I am also aware that these archives have evolved organically and most of the time the people involved made mindful decisions about how they wanted things to work. Other times it’s clear that the archives had purchased off-the-shelf archiving software and made the barest of adjustments. People and libraries don’t have a lot of money or time and I get that. At the same time, trying to do a basic set of things

- search for the bound phrase “justice of the peace” (the individual words return too many non-relevant results)
- return results in a way that allow me to sort by relevance or other options
- at a speed where I could browse results and easily check out 10-15 results in 10-15 minutes (or more quickly, optimally)
- in a way that let me know the format of the items in my search results (jpg, pdf, text) and optimally limit by those formats
- in a way that I could know if the item I had searched for was available to be viewed or not
- with sufficient help files that if these things were possible, I could determine it on my own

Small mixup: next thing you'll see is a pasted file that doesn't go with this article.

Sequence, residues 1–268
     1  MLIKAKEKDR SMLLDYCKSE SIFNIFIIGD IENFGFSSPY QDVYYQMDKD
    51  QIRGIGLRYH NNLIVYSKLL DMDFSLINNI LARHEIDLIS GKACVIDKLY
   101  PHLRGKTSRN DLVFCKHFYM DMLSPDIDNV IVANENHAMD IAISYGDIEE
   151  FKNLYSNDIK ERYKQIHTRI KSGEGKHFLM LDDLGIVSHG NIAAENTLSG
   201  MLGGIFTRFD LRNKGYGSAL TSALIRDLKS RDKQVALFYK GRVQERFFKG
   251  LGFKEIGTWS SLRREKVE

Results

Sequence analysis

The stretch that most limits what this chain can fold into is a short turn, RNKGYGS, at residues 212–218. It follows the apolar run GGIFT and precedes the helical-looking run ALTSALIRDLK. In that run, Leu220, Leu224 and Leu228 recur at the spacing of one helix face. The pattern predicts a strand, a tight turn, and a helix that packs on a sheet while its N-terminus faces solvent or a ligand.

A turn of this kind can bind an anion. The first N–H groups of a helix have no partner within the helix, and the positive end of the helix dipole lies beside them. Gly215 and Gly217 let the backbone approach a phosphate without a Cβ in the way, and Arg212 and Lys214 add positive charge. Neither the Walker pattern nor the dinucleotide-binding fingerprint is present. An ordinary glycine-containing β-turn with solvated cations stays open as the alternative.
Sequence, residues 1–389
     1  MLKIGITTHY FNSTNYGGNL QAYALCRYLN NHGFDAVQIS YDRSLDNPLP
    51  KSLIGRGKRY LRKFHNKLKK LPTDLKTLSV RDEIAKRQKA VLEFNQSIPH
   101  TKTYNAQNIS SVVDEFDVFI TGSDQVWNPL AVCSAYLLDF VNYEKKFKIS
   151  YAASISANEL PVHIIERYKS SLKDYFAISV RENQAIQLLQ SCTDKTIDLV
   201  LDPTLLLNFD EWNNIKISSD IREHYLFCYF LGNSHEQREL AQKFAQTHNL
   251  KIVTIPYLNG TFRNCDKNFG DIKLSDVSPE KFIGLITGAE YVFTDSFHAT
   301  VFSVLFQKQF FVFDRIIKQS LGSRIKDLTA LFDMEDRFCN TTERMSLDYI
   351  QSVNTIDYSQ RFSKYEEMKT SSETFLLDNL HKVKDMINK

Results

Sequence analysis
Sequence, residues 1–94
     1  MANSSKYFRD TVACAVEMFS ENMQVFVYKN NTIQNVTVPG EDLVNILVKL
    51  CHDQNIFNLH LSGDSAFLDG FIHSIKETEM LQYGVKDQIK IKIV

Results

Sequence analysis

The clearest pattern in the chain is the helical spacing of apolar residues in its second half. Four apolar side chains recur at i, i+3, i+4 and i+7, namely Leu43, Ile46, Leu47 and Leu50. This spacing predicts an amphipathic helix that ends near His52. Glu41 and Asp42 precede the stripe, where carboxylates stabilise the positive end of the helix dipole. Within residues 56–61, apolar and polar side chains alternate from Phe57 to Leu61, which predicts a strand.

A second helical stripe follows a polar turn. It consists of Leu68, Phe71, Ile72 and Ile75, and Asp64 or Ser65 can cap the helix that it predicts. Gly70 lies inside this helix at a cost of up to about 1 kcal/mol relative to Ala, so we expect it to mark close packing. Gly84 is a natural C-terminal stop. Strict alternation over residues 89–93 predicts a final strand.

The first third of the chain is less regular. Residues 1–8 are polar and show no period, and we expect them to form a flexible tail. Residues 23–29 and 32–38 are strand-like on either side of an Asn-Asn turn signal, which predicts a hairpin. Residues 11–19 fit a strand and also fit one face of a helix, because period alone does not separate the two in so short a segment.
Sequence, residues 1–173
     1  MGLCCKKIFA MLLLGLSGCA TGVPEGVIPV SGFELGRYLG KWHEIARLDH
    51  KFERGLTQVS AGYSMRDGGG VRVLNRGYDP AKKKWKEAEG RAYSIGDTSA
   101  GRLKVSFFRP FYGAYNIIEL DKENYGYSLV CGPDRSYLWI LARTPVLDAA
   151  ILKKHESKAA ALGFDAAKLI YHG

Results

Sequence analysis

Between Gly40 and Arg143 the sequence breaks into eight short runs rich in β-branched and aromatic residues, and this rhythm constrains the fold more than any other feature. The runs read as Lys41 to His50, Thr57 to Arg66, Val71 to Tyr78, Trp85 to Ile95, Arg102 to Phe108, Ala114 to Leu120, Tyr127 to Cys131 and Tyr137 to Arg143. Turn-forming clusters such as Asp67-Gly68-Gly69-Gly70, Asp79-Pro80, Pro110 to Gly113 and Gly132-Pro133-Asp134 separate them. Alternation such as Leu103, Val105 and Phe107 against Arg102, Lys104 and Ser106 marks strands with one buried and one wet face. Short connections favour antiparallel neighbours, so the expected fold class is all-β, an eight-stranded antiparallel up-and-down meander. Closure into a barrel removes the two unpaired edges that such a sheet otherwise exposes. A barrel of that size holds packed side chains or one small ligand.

These things were things I could almost never do. I wound up doing more searching in places like Google Books and Flickr Commons than in library archives even though the library archives often had more relevant content simply because I had limited time and a limited frustration level and I had to make some choice. I am a power searcher. If this is what I am doing, knowing it’s sub-optimal, what are our less power-searcher users doing?

So I’m back to wood shedding, reading and learning more about the digital divide and about how people learn technology and bringing forward my experiences with searching and not-finding to see if I can make something out of the experience that is helpful to other people. I wish everyone peace and joy in this bright new year.

Thanks to…

December is the wrap-up month around here. I’m still holding out hope that my booklist will gain another item or two, but I know I’m not doing any more public speaking in 2007 so I thought I’d do a wrap up and talk a little bit about behind the scenes stuff at librarian.net inc.